Justice 2015: Redefining the World’s Development Agenda

The MDGs left out the rule of law, human rights, and democracy on the grounds that progress could not be properly measured. This time around, we think these things can be measured, and must be included.
With the UN's Millennium Development Goals set to expire in 2015, the countries of the world are drawing up new priorities for the next decade and beyond. Consultations on the so-called post-2015 development agenda are well underway. Aidan Harris, a program officer with the Open Society Justice Initiative, walks us through the process.

Don’t we have a development agenda already?

Luckily, yes. In 2000, the UN General Assembly agreed on the Millennium Declaration—in which states agreed on key priorities to work towards to better the lives of their people. That document led to the Millennium Development Goals (MDGs), a set of eight “high level” goals, meant to be reached by 2015. Each goal is sub-divided by targets to be achieved, with indicators to measure progress. The adoption of this one core set of principles has radically shaped the choices made in the national development policies of almost every country in the world. But while the MDGs have resulted in considerable benefits for millions of people, they have also attracted criticism for the ways in which they have distorted and simplified development priorities.

But what happens when the MDGs expire in 2015?

That is indeed the question of the moment. Hopefully, the member states of the United Nations will eventually agree on a post-2015 development agenda. If they do, it will surely have as dramatic an effect on the next 15 years of development policy as the MDGs have had since 2000. Now is the crucial moment to ensure that the gains made by the MDGs are consolidated and the gaps are addressed.

Gaps? What gaps?

The original Millennium Declaration included agreement on the need to take steps to further peace and security and “promote democracy and strengthen the rule of law, as well as respect for all internationally recognized human rights and fundamental freedoms.” But the MDGs left out the rule of law, human rights, and democracy on the grounds that progress could not be properly measured. This time around, we think these things can be measured and must be included. Other goals in the MDGs, such as education, have made considerable progress but towards the wrong aims. The focus of achieving universal primary education, for example, has seen millions more children in the classroom but has not necessarily achieved better educational outcomes. Framing a goal on education around the right to education would emphasize equity and quality in the classroom, rather than just the number of students.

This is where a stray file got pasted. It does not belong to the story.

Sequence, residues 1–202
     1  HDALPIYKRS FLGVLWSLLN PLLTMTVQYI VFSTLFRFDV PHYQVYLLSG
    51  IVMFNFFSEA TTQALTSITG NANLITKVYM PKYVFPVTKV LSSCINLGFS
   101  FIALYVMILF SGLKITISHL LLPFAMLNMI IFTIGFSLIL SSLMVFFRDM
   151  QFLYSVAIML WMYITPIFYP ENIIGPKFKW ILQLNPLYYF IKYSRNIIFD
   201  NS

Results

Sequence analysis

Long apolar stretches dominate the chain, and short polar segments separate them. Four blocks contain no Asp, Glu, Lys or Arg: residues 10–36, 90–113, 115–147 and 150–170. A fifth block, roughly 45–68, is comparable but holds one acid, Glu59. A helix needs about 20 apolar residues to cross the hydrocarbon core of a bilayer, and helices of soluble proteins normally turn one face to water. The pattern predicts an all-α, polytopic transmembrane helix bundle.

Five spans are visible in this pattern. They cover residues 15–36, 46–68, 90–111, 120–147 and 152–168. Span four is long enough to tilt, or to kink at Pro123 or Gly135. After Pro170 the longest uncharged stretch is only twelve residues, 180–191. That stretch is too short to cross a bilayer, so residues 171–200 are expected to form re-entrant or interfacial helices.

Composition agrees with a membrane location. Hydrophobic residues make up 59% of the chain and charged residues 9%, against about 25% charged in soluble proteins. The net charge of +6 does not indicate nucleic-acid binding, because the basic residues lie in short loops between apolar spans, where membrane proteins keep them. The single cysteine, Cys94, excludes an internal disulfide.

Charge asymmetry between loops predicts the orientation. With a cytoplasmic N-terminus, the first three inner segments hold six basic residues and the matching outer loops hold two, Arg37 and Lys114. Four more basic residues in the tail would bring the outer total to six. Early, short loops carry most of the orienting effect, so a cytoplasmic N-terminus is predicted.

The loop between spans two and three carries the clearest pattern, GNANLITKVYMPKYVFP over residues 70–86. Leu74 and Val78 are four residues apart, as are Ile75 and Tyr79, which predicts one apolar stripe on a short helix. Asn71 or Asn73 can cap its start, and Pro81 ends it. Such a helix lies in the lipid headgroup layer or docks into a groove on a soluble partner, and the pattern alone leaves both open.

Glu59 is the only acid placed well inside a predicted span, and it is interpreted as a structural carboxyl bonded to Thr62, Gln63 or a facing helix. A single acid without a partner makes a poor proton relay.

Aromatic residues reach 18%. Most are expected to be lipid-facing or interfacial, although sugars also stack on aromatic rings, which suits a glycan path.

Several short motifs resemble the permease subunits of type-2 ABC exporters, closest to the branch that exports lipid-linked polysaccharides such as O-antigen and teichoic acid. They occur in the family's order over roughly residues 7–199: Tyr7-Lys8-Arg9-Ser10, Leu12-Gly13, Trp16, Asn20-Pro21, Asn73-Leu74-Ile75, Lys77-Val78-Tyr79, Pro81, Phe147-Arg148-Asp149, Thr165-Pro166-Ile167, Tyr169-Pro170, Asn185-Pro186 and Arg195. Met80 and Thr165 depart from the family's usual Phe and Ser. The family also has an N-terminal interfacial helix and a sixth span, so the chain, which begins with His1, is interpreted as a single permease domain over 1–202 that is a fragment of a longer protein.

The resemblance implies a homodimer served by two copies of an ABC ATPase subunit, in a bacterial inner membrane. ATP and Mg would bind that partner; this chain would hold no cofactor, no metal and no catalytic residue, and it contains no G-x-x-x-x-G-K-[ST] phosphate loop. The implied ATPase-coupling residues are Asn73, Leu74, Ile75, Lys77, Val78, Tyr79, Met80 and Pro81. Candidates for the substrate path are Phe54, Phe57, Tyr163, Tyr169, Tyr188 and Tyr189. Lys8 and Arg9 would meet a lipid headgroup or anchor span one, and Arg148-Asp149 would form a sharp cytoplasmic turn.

So who decides what gets included now?

Ultimately, the members of the United Nations General Assembly will agree on something, probably at the end of 2015, after lots of last-minute, cliffhanger negotiations. At the moment we are approaching the end of the first stage of this process—the effort led by Ban Ki-moon to listen to as many views as possible from nongovernmental groups and thinkers before the intergovernmental negotiations begin. That will start on September 25, when the Secretary General presents a progress report on achieving the MDGs, which is expected to also include a report on the consultations he has received on the post-2015 agenda, including, or not, the views of a High Level Panel of experts that reported at the end of May.

Who else is involved in all this consultation?

Watch out for the Open Working Group (OWG)—a group of 30 member states established by last year’s Rio +20 Conference on sustainable development. They are supposed to be consulting on proposed new Sustainable Development Goals for the world. How does that fit with above process? Many people, including the UN Secretary General, have spoken of the need to ensure that the world is presented with one set of development goals in 2015. As yet the relationship between the SDGs and the successor to the MDGs is not yet clear. There have also been 11 thematic consultations and numerous regional and national consultations undertaken by the UNDP and other parts of the UN System.

Anything else?

The MDGs helped millions to escape poverty and access essential services. Those gains need to be protected and entrenched. But they also tended to exclude the very poorest and most-marginalized people. At the Open Society Foundations, we believe the post-2015 development agenda must address both of these points: safeguard the gains made to date and reach those that have been excluded. We don’t want to see MDGs 2.0: more ambitious versions of targets which have not even been met yet. We want something transformative.

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Agreed that the MDGs tended to exclude the poorest and most marginalized people, and this was unfortunate. We hope in the new post 2015 development goals, the 1 billion disabled people on the planet are remembered. Will those with the authority to set these goals make inclusion and access to development a cross-cutting theme?

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